By 1960, Nigeria had three regions, West, North and East. These formations put together by the British were informed by their 60-year experience in governance and political economy of Nigeria. The years between 1952 and 1966, when the country ran a confederation, each region developed based on its own objective situation. Under the 1960 constitution, each region had own constitution, apart from the Federal Constitution, separate Coat of Arms and Motto, separate diplomatic missions abroad led by “Agents General”.

What promoted political crisis was the scramble to take over the political command of the country at the centre and the rivalry between the three regions to upstage one another at the centre. This precipitated political crisis that led to the country’s first military coup. 

This was compounded by the fact that the post-colonial emergent ruling class at the national level in Nigeria has never had any national vision either for economic, cultural or political freedom of the people. While the NPC and NCNC coalition ruled Nigeria immediately after independence, the most important figure in NPC, Sarduana of Sokoto Ahmadu Bello who held a traditional war title in the caliphate was quoted to have said that he would conquer Nigeria the way his great grandfathers conquered the Northern territories, referring to the Jihad of 1804. ‘A report in the Sunday Express of December 20, 1959, at page 2, summed up the attitude of mind of the hierarchy…..I shall divide Nigeria into two and hand them over to my lieutenants….Sir Ahmadu claimed that like his great grandfather, Shehu Othman Dan Fodio who he said after his conquests, divided the conquered country between his two sons, ‘I too after conquering the South will also divide Nigeria into two to be taken charge of by    two of my lieutenants.11Saduana on the other had believed the Fulani ascendancy in Nigeria which was promoted by the British was informed by the Fulani administrative expertise.  To him, ‘Lugard, as has been said saw the administrative genius of the Fulani Rulers and their staffs; he utilized it as the mainspring of the Native Administration system, that he called  ‘Indirect Rule’, and it has worked well since then. The only difficulty from his point of view was that the Fulani system did not cover the whole country. An attempt was made by the British to produce an imitation of Fulani Rule in what were then known as the ‘pagan areas’ and this failed completely.’ 12 Chief Awolowo and Dr Nnamdi Azikiwe on the other hand were accused of forming ethnic unions. The Egbe Omo Oodua was established in 1945 while the Igbo Federal Union came in 1944.  In the next phase, I will examine the rise of Nigeria from a regional state to a forcefully united country.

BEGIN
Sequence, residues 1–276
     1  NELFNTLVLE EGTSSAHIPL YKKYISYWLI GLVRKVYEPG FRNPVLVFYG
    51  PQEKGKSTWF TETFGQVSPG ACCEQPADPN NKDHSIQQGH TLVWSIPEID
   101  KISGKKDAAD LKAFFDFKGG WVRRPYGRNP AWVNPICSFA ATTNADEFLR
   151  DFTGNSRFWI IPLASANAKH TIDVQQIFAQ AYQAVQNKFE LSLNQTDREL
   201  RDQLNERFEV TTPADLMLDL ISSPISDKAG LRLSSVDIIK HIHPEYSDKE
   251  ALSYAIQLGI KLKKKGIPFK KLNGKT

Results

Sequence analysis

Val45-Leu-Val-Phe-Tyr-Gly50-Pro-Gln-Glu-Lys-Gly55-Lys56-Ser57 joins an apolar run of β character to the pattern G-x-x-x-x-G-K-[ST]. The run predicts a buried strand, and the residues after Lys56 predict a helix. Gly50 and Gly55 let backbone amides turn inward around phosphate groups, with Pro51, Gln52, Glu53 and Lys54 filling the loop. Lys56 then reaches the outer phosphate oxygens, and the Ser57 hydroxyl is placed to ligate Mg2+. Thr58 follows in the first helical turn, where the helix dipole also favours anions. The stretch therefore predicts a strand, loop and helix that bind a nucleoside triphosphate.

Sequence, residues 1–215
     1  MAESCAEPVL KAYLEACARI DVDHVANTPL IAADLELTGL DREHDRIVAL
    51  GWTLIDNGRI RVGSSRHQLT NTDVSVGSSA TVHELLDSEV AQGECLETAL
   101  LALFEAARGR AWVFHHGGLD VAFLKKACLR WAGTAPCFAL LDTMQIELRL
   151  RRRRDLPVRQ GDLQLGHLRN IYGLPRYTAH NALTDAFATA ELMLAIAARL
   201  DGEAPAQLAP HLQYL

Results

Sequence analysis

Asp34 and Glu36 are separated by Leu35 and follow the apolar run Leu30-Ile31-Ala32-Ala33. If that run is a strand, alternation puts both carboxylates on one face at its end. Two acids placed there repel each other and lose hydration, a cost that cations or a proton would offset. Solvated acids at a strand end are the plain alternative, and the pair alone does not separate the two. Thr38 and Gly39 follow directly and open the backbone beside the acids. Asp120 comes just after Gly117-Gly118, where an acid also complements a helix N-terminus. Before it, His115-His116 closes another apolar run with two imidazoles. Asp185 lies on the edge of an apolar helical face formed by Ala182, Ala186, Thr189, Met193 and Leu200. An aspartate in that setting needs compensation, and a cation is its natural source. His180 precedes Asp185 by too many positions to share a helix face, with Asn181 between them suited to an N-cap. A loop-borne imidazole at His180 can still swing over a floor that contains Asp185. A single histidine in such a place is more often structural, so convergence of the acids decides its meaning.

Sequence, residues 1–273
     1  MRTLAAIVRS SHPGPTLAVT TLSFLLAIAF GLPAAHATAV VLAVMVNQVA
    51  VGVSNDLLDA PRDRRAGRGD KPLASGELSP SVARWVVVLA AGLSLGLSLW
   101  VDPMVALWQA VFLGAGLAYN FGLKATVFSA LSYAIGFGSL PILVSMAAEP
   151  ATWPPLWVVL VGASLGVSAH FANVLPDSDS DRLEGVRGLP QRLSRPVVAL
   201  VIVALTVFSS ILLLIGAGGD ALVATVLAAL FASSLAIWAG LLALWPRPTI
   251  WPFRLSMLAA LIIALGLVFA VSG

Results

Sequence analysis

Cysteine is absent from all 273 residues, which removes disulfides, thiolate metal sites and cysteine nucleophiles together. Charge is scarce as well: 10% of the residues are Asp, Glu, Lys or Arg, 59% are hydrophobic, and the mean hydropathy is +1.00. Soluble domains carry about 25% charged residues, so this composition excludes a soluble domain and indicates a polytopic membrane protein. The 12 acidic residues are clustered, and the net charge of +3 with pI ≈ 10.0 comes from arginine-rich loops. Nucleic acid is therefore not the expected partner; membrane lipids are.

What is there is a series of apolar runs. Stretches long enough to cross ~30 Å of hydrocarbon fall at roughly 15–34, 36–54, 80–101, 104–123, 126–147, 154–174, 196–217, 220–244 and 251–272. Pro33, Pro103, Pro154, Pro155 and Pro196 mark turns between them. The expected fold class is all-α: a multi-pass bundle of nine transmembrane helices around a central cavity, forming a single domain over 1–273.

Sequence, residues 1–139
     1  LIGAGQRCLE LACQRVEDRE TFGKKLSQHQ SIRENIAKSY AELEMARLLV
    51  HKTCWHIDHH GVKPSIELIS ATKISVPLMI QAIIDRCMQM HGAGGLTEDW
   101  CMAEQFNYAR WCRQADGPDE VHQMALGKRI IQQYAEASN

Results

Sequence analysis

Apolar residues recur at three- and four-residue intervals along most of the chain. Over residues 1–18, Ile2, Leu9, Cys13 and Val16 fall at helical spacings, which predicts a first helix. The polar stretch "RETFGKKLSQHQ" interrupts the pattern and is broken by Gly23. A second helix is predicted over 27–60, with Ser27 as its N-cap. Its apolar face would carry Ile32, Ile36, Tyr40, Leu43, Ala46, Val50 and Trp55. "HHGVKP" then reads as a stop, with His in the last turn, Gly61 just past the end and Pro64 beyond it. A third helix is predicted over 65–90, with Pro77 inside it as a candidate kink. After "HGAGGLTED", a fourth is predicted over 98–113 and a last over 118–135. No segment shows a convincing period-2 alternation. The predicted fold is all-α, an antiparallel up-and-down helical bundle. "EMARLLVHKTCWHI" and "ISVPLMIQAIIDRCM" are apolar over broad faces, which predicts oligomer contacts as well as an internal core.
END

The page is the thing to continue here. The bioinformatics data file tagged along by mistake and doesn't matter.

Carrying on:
Forceful unification of Nigerian three Regions: The emergence of a post colonial Barracks State.

In 1966, following the military coup led by Major Kaduna Nzeogwu and later subdued by Gen Aguiyi Ironsi, the Decree No 34 of 1966 forcefully merged the three regions into a one-dimensional country even in the face of agitation for autonomy by all the nationalities without exception.  The unitary system is not without its own beneficiaries. It led to absolute power akin to monarchical order. The economic and political structures, the network of institutions, local, national and commune, came under the control of one person or hegemony who bestride over the country as if it is a personal estate. In terms of its concentration of power and authority, it enables the Head of State to appoint, dismiss anyone without question.

The political crisis in the South West following the 1964 elections and attempts by the ruling alliance of Northern Peoples Congress, NPC National Council of Nigerian Citizens, (NCNC) to scuttle the freely expressed democratic will of the people spurred the Wild Wild West protest which aided military intervention.